Next, given Reid and Smith’s track records, should we expect big numbers from the #2 WR spot?
I went back and looked at the pass distribution of the past 5 seasons of Andy Reid’s offenses in Philadelphia. What I found is that the bulk of the passes go to 5 players: The top three WRs, the starting TE, and the starting RB. I didn’t actually do the math, but if you look back over the numbers it looks like that’s where 90% of the passes go.
Over the past five seasons here are the average numbers for each of those spots.
#1 WR – 65.2 receptions, 949.6 yards, 6.6 TDs
Starting TE – 54.8 receptions, 655 yards, 4.2 TDs
Starting RB – 54.8 receptions, 398 yards, 2.6 TDs
#2 WR – 50.2 receptions, 679 yards, 2.4 TDs
#3 WR – 43.6 receptions, 682 yards, 2.8 TDs
A few observations: First, you can see that Reid’s offense spreads the ball around and the TE and RB are clearly major parts of the passing game. In fact, one season Brent Celek led the team in receptions and LeSean McCoy did in another. Second, the numbers for the #2 and #3 WRs are almost identical. In fact, because DeShaun Jackson finished 3rd among WRs in receptions in a couple of seasons the #3 WR spot acually averaged slightly more yards and TDs than the #2 WRs. Based off these numbers it appears the question shouldn’t be will one of Baldwin, Avery, and McCluster step up and be a highly productive #2 WR. The question should be can two of them be reliable targets to share the ball along with the TE and RB. Once again, if Reid throws the ball less and the #1 WR (Bowe) catches more, those numbers will be even smaller.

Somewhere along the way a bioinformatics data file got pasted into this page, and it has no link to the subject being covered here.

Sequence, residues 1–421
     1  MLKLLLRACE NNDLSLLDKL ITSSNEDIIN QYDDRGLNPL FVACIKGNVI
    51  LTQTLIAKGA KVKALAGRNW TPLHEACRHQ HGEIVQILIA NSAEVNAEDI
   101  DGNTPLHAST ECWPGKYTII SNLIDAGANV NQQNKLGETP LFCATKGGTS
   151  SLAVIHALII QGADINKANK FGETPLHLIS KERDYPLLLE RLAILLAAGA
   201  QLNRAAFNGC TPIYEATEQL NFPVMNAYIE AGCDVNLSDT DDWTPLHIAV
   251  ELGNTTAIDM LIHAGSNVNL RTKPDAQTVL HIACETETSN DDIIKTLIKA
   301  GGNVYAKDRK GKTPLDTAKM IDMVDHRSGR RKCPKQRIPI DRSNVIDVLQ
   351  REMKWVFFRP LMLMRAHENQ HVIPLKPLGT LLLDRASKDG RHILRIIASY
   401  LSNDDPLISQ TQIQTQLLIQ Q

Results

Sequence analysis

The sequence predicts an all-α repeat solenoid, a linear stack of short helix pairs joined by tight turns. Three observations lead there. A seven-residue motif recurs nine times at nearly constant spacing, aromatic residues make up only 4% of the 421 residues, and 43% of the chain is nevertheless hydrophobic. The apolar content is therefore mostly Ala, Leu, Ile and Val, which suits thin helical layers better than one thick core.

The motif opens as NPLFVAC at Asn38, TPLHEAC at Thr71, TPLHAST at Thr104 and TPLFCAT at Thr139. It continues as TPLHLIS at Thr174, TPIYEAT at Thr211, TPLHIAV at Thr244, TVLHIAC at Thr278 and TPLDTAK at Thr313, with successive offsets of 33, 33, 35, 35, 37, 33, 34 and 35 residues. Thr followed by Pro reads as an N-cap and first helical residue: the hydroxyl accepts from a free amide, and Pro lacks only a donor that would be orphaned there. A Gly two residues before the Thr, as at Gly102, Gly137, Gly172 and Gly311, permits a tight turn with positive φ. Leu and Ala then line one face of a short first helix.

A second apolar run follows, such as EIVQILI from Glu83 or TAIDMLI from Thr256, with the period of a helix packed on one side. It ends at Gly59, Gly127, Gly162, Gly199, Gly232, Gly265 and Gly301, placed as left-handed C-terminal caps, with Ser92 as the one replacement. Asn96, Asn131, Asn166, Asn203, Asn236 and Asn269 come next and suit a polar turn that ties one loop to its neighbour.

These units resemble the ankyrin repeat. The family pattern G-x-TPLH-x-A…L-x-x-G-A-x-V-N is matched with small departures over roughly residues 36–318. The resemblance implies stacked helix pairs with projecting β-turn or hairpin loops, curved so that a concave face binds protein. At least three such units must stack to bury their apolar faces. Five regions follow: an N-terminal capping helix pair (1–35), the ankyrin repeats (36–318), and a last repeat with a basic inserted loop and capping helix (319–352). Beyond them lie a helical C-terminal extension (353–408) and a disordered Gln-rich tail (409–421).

Finally, a look at how our new QB uses his #2 WR. In 2011 when Alex Smith started the entire season and was two fumbled punts away from going to the Super Bowl, these were the 49ers reception leaders:
M. Crabtree – 72 rec, 874 yards, 4 TDs
V. Davis – 67 rec, 792 yards, 6 TDs
K. Williams – 20 rec, 241 yards, 3 TDs
T. Ginn – 19 rec, 220 yards, 0 TDs
D. Walker – 19 rec, 198 yards, 3 TDs
F. Gore – 17 rec, 114 yards, 0 TDs
K. Hunter – 16 rec, 195 yards, 0 TDs
J. Morgan – 15 rec, 220 yards, 1 TD
B. Edwards – 15 rec, 181 yards, 0 TDs
B. Miller – 11 rec, 83 yards, 1 TD
So Smith used his #1 WR, his TE, and then had 8 players between 11-20 receptions. Basically, there wasn’t a #2 WR that season. Then last season they went out and got Mario Manningham and Randy Moss. Manningham finished with 42 receptions and Moss finished with 28. Donnie Avery had 60 receptions last year and Dexter McCluster had 52. My point being that if KC get’s #1 WR production from Bowe, JC stays healthy and is productive in the passing game, and they can utilize their trio of TEs it appears that Avery, McCluster, and Baldwin should be more than enough to fill out the remaining Chiefs WR production.
So yes, I will be watching to see how the Chiefs WRs look and shape out during training camp, but I stand by my stance that this team doesn’t need a lot of statistical production from any one WR not named Dwayne Bowe. The increased use of the TE and RB in the passing game under Reid and Smith should make up the bulk of the increased production. KC just needs Avery, McCluster, and Baldwin to give them some more options to keep defenses on their toes and KC will be just fine (assuming Smith is up to the challenge at QB, but we’ve already had that debate and will probably do so again in the near future).
Today I’m focused on the Chiefs WRs and I look forward to hearing your thoughts on them in the comments below.
As always, thanks for reading and GO CHIEFS!!!!!!!!!!!!!!!